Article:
June 13, 2007

Pidgin and creoles workshop

Last week we had a big week in town (Katherine). We had two days with Batchelor and then three days with the Education Department for a Language Revitalisation Workshop.

One of the highlights was working with Batchelor's linguistics students. They were in Katherine for a week-long workshop on Pidgins and Creoles. Their lecturer approached us to present something about the creole spoken at Ngukurr so we did a three hour session with them which was enjoyed by everyone.

Usmob really enjoyed meeting the linguistics students and finding out where they’re from. They came from all over: Torres Strait, Desert, Western NSW, Victoria, Palm Island and came from different backgrounds (but all Indigenous). And they really enjoyed meeting the guys from Ngukurr and learning a bit about Kriol. It was just one of those lovely sharing experiences, but also included lots of discussion, opining and more.

I was reflecting on why I enjoyed the session with them so much. One reason was that being linguistics students, I could use linguistics terms and be understood. Normally, I have to explain what a pronoun is, let alone more tricky things like the difference between a transitive and intransitive verb – but these guys knew it straight away which was lovely.

But it wasn’t til later that night I realised the main reason I enjoyed working with that mob. Because they’re linguists (or learning to be linguists) whose goal is the same as ours here at Ngukurr: the betterment of Indigenous languages and people. And it was comforting and refreshing. It was just so nice to be teaching like-minded people! And they warmed my heart to see what they’re learning and doing. I wish them all the best.

1 comment:

Curaezipirid said...

Hi, and Salam alaikum

My name is Rebecca Copas nungarrayi, and I am from Armidale NSW, now living in Brisbane.

I have had my head down for a few too many years maybe, and am neither actually ever qualified in linguistics/anthropology/community education, or any of the other study fields I began when my children were babies. However, I have an unusual background set of experiences which are alike to the sort of experiences obtained by field work for a thesis. And I am a writer, or rather have been writing a lot so decided recently that it is about time to work towards being published.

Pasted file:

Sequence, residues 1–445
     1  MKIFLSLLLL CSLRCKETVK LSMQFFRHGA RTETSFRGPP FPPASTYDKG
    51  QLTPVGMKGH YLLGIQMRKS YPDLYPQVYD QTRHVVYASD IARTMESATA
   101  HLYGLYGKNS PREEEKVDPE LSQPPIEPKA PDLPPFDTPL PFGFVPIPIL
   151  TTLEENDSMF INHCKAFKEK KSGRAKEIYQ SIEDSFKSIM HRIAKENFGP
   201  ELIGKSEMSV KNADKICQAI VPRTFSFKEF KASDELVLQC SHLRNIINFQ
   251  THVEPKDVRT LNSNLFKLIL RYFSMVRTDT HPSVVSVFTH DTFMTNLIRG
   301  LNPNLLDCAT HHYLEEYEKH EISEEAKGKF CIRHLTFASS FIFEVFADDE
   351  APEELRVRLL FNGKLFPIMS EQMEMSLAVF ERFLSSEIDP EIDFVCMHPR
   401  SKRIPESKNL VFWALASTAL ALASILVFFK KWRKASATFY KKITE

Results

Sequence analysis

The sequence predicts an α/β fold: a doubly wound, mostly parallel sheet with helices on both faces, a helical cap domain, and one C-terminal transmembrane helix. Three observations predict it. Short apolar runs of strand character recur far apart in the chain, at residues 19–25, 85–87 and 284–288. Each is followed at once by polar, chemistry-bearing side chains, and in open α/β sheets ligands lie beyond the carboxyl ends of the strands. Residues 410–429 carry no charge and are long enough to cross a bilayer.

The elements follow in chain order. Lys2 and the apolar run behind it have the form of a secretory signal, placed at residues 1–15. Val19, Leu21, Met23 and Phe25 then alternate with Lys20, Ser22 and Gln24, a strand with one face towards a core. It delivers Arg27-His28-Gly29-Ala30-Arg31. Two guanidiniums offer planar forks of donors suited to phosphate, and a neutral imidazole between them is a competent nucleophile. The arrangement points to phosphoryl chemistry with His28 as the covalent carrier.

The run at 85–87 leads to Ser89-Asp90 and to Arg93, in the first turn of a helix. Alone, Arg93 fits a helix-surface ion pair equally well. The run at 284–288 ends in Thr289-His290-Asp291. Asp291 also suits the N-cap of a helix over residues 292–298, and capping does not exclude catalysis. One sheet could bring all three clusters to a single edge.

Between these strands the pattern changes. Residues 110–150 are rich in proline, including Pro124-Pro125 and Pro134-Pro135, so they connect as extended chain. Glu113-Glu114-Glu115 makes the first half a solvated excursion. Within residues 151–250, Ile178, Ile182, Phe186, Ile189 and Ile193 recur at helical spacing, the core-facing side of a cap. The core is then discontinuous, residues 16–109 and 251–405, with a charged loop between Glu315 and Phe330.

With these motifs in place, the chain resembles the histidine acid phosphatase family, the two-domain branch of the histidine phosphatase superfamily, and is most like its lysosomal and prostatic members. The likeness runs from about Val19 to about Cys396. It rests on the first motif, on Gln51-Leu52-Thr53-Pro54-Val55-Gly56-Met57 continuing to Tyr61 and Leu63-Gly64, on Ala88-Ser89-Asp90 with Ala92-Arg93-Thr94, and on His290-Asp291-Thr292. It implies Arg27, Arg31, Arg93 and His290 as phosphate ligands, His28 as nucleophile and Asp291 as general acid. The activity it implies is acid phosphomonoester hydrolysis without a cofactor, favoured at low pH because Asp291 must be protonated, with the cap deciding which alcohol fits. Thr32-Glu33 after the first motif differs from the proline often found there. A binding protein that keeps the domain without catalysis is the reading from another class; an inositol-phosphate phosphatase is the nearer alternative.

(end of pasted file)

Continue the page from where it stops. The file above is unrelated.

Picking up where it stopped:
Now, I have had an idea, which I want to run past a linguist in the field. If I get any money from publishing my writing, I have committed to providing parts of the profits towards indigenous literacy.

I have a few well founded and consolidated beliefs about why literacy in English language is an obstacle. So I had the idea of beginning a sort of journal, a bit like to an academic journal, but from outside the field of academia. Maybe a quarterly, or an as often as it can be managed type of rag for yarns about language, but all made from within indigenous perspectives on the value of talk and what is reasonable of language to expect being made records of.

My own background is having been raised totally white mainstream; but after being present at Corroboree at Kurnell in; then some more story of bits of myself; and then finding an allegorical teaching from inside Islam which blasts to pieces all of Euro-centric culture; I now find that all my language forms are fully alike to indigenous.

So the idea is born with my own frustration in the world of wanting to be published as a writer, because I reckon my story can contribute to social worth for everybody. I reckon that contribution is partly about why we should be allowed non-standard grammar forms in print, as an acceptable new standard for this country, and that is the inseminating ideal for the idea of the journal.

I wonder if you want to express any interest in the idea?

Find me through 'curaezipirid' at blogger, or 'anungarrayididitdotcopas' at wordpress.

Salam, or is that Waram